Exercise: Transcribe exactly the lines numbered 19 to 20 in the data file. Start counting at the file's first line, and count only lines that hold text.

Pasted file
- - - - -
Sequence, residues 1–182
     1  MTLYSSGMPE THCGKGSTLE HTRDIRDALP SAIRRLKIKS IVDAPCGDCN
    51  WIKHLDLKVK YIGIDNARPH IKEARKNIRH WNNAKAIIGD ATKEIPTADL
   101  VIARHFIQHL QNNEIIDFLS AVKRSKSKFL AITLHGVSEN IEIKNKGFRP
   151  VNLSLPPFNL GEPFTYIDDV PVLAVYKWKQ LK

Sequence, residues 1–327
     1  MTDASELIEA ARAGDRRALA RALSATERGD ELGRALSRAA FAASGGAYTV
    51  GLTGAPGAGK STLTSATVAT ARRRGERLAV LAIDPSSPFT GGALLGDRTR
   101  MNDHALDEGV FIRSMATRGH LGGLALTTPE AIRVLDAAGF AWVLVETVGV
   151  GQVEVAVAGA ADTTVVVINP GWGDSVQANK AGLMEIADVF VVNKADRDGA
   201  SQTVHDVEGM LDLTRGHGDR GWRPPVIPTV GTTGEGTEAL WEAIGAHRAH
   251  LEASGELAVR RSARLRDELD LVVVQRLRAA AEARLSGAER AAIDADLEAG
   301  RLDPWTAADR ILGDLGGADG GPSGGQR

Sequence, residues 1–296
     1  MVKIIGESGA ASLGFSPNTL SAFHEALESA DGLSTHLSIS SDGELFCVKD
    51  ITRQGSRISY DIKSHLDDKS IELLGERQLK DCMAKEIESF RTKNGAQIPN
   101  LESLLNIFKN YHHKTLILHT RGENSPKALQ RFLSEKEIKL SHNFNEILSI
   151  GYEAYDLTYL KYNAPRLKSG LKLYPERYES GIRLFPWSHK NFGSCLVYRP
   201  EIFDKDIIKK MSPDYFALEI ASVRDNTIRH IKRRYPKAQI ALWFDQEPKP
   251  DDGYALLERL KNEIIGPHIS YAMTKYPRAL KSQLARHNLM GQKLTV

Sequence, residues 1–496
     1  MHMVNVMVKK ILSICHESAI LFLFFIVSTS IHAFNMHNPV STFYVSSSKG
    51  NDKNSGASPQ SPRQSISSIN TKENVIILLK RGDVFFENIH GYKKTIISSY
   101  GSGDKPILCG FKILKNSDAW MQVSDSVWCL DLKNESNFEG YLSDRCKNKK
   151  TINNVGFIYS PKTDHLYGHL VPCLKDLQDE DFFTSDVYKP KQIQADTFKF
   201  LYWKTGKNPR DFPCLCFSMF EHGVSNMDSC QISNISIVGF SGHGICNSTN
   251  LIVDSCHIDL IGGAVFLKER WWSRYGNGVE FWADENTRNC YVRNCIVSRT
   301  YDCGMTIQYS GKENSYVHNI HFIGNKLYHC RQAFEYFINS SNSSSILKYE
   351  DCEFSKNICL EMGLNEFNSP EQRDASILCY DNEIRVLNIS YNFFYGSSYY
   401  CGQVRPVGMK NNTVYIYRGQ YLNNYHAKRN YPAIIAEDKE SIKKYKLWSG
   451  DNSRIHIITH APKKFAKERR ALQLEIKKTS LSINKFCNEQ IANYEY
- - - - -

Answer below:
   201  EIFDKDIIKK MSPDYFALEI ASVRDNTIRH IKRRYPKAQI ALWFDQEPKP
   251  DDGYALLERL KNEIIGPHIS YAMTKYPRAL KSQLARHNLM GQKLTV